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British boys will receive HPV vaccine to prevent 'thousands of cancers'

London (CNN)Boys aged 12 and 13 will be offered the HPV vaccine in all British schools from September, in a move health officials say will prevent thousands of cancer cases. Continue to Article

updated: 1 week ago

Wrong information creating ‘dangerous screening gap’ in cervical cancer

NHS England is warning that the misconception that lesbian, gay and bisexual (LGB) women are not at risk of cervical cancer is putting 50,000 LGB women at risk.

The ‘fake news’ has created a dangerous screening gap, as the affected women have never been for a cervical cancer screening test because they wrongly think they are not at risk.

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updated: 1 week ago

KIDS' HEALTH HPV vaccine benefits 'exceed expectations,' may lead to elimination of cervical cancer

updated: 1 week ago

End cervical cancer? The HPV vaccine could do it, study suggests

More than 10 years after it became widely available to the public, a recent analysis of prior studies confirms one thing: The HPV vaccine may be a lifesaver. It could even lead to the outright eradication of cervical cancer. Continue to Article

updated: 1 week ago

HPV Vaccines are Reducing Infections, Warts-- Probably Cancer

updated: 1 week ago

How to talk to parents about HPV vaccines

Fred Hutch public health researcher shares science-based tips to help doctors navigate crucial cancer-prevention conversations Article

updated: 1 week ago

When is HPV a Problem?

updated: 1 week ago

Addressing Cervical Cancer Globally Requires Scaling Up HPV Vaccination, Expanding Screening, Treatment For Women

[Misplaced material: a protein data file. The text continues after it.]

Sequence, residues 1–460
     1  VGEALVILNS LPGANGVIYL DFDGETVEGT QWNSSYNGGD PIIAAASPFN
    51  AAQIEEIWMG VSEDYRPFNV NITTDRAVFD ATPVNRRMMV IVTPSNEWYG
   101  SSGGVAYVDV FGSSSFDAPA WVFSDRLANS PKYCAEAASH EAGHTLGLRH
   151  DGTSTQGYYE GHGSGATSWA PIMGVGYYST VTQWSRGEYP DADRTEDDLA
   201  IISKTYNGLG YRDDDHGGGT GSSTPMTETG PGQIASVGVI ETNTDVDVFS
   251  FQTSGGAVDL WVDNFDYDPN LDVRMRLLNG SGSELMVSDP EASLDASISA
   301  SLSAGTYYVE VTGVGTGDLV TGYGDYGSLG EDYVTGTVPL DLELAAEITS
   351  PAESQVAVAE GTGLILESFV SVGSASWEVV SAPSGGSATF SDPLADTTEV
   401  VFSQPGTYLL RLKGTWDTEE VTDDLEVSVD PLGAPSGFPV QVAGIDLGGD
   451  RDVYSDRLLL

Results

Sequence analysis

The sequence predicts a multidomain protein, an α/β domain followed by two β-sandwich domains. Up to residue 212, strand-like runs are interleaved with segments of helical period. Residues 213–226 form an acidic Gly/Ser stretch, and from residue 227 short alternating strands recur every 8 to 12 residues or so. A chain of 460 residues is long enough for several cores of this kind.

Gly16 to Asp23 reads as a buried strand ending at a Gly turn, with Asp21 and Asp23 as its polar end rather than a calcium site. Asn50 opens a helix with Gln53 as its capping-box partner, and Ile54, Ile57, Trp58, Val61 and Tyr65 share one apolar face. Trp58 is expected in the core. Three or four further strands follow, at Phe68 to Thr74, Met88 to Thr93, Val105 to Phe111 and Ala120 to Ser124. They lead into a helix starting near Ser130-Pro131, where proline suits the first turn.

New York Times: We Have the Resources to Prevent Cervical Cancer. Do We Have the Will?
Mia Armstrong, 2019 graduate of Arizona State University and winner of Nicholas Kristof’s 2019 ‘win-a-trip’ contest

“…Although cervical cancer is the fourth most common cancer for women globally, claiming more lives than pregnancy and childbirth, we can save those lives if we can only summon the will. Health experts say that the battle against cervical cancer has two fronts. First, we need to scale up HPV vaccination to prevent cervical cancer. Second, we need to expand screening and treatment for women now in danger. These are relatively affordable, straightforward interventions that can make a big difference in a lot of lives. … But here’s the problem: Only around 25 percent of 10-year-old girls live in countries that have introduced the HPV vaccine, according to WHO estimates from October 2018. … [C]hallenges [to vaccine implementation] are not insurmountable. … If vaccines are the sword in the battle of eliminating cervical cancer, screening initiatives are the shield. … While the Pap test is effective if conducted regularly, it requires a medical structure often lacking in poor countries. So public health experts have experimented with two other screening tests, one that uses vinegar to identify cancer and precancerous lesions, and another that uses DNA to identify HPV infections that could cause cervical cancer. They’re both useful…” (6/10).Continue to Article

updated: 1 week ago

Human trials of HPV cancer vaccine expected to begin by year's end

Researchers have advanced a cancer vaccine to human trials as part of pioneering research aimed at treating incurable HPV cancers of the head, neck, throat and tongue.

The research combines a newly developed Human Papillomavirus (HPV) vaccine with immunotherapy and is being spearheaded by Professor Ian Frazer and Brisbane's Princess Alexandra Hospital's Professor Sandro Porceddu.

"We are seeing an unprecedented rise in the incidence of HPV-associated oropharyngeal cancer (OPC) with the USA reporting a 225 per cent increase since the 1980s," Professor Porceddu said.

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updated: 1 week ago

Rwanda has fought to stamp out cervical cancer – they might just be the first country to do it

As Rwanda gears up for a new round of vaccinations later this year, the immunologist responsible for the vaccine that has saved so many women’s lives believes the world cannot be complacent. “You can’t be happy until everyone has been vaccinated,” Frazer says.

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updated: 1 week ago